Last week, Kenyan rapper, entrepreneur, and philanthropist Kennedy Ombima (aka King Kaka) dropped the music video for his single with Kristoff “Utanipata” (“You Will Find Me”), which showed the pair living lavishly and goofing around in a hotel room, alternating between playing video games and entertaining models. All things considered, it seems like a pretty generic music video concept. But, the music video for the party track has caused controversy in and out of his fanbase and the comments section because of one reason; his choice to feature plus sized models.
Although sexually explicit music videos are popular around the world and often contain suggestive scenarios, this type media is only controversial when it features women who are outside the images of desirability that we are usually sold. The models in “Utanipata” do not fit into the mainstream representation of music video dancers but are nonetheless shown twerking in tight clothes, which has apparently encouraged hundreds of people to offer their opinions of “the vixens” bodies. Whether accusing Ombima of using plus sized women for more views or deciding that it’s their confidence- not their outward appearance- that makes the models attractive, it seems very few responses to the video have to do with any of the musical or visual content other than the four women.
The music video has cut shots with facts about political corruption in Kenya, calling out hypocrisy and mishandling of the COVID crisis in big bold letters between scenes… but no one wants to talk about that. Instead, the comments section is filled with different variations of body shaming or fetishization.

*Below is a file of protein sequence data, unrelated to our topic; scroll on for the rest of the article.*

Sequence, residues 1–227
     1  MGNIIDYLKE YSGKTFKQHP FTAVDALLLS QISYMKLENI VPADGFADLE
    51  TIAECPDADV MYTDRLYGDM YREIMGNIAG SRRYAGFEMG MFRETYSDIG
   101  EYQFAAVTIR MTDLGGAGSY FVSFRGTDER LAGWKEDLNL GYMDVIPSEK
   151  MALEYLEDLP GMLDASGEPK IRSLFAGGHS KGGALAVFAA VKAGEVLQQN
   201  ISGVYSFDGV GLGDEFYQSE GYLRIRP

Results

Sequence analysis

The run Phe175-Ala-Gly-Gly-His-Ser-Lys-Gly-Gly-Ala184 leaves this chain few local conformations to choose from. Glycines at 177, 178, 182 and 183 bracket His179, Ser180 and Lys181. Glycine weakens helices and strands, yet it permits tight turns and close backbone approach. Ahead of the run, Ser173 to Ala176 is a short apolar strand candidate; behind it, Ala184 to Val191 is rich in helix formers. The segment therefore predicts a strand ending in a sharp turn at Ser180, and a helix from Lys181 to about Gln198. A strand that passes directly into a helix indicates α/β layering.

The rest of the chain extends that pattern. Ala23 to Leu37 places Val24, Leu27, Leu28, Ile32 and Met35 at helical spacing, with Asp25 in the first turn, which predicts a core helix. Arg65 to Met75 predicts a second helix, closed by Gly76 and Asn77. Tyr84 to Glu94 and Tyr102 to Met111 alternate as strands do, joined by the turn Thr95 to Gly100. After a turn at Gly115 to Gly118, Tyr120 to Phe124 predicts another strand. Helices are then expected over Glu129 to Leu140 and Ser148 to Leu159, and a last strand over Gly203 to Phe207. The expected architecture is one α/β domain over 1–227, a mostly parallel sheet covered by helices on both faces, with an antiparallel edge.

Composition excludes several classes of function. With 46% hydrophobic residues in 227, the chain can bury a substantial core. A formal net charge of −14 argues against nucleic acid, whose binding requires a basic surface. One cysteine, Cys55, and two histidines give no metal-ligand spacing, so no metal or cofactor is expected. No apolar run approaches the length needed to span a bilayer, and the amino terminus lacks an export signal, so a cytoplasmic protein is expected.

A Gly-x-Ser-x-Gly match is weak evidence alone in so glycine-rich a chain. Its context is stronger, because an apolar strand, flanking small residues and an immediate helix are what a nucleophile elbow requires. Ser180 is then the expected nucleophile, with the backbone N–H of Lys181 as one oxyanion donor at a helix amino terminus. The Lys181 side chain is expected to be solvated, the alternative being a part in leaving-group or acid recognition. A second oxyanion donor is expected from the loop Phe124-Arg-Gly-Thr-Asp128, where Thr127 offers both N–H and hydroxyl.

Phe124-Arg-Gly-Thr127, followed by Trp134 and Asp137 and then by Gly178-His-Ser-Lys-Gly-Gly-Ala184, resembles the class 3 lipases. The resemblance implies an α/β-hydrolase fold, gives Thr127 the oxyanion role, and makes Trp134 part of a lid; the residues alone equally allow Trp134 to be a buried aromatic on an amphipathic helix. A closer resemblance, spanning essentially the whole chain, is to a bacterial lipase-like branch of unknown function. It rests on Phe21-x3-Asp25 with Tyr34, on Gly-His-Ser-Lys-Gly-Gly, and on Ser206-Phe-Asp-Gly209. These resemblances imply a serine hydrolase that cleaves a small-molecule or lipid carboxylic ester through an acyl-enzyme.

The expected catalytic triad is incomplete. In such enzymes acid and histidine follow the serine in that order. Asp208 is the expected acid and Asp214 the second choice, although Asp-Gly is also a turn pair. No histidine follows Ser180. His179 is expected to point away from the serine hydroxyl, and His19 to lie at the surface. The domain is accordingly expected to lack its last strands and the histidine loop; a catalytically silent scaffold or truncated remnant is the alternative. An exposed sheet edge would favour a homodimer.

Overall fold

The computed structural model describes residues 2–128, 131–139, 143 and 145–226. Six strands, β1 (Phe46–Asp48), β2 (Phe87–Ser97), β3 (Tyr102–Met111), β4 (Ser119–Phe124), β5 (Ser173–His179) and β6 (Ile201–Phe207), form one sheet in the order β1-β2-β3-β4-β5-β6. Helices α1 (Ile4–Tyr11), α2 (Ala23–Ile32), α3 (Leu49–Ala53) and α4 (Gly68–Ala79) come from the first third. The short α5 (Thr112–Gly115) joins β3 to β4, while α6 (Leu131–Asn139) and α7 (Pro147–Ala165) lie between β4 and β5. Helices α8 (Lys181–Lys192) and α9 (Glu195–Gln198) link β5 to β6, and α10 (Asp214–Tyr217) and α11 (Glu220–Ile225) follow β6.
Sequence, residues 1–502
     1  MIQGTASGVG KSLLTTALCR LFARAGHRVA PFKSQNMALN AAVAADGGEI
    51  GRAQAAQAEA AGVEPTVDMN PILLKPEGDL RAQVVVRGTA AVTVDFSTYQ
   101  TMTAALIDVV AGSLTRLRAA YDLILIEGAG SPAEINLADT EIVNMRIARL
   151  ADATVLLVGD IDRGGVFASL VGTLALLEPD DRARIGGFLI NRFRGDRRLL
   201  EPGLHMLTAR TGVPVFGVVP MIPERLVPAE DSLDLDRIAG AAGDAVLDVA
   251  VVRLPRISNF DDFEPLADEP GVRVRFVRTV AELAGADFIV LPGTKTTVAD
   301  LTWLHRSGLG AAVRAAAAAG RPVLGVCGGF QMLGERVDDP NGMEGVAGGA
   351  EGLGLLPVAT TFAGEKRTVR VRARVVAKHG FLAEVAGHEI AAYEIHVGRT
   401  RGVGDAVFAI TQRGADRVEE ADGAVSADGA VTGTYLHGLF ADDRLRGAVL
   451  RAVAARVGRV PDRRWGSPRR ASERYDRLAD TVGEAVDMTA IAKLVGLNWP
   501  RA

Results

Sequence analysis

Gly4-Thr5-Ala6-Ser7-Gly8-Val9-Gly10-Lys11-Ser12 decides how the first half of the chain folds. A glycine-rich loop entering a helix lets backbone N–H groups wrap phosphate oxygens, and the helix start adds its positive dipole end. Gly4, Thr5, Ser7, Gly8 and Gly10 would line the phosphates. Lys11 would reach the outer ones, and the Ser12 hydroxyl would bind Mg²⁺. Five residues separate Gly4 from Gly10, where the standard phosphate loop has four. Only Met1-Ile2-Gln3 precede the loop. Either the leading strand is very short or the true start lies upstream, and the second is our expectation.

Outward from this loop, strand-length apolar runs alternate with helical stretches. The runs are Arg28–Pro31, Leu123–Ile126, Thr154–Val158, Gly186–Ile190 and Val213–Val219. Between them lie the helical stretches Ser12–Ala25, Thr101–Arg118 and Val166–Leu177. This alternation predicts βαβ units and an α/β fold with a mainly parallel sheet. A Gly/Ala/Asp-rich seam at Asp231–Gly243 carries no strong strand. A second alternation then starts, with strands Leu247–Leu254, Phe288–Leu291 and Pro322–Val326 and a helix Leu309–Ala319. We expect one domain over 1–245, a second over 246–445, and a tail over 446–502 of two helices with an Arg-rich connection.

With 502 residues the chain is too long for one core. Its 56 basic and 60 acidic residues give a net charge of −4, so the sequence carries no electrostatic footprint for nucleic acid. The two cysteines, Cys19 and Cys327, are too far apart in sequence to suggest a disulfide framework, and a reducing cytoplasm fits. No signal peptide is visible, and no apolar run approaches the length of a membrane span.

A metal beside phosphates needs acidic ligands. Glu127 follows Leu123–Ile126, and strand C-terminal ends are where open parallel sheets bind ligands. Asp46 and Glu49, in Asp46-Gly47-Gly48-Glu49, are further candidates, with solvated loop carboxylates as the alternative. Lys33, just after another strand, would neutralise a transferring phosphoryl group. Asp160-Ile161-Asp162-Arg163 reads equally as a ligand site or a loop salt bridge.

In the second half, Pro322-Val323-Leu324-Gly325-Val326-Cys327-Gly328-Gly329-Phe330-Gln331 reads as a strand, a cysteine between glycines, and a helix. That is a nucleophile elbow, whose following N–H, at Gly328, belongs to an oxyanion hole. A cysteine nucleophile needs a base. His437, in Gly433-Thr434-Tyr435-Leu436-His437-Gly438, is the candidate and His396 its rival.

This overwhelming response has caused King Kaka to put out a statement regarding his choice to feature plus sized women, in which he says “they are part of our society, they are our friends , our sisters ,our girlfriends , our mothers. So why shouldn’t they be in a music video ?? ” Needless to say, this level of scrutiny over casting wouldn’t exist if they had chosen to dance alongside women who fit into the narrow range of body types usually idealized in explicit music videos.
However, King Kaka doesn’t deserve praise for this directive decision. It’s high time we start embracing people of every design, and idolizing an artist for giving plus sized women a much deserved platform only serves to promote that it is somehow charitable or exceptional to feature them. In short, it’s nice to see a music video like “Utanipata” feature big, confident, women. But this sort of exposure is neither revolting or revelatory- it’s overdue.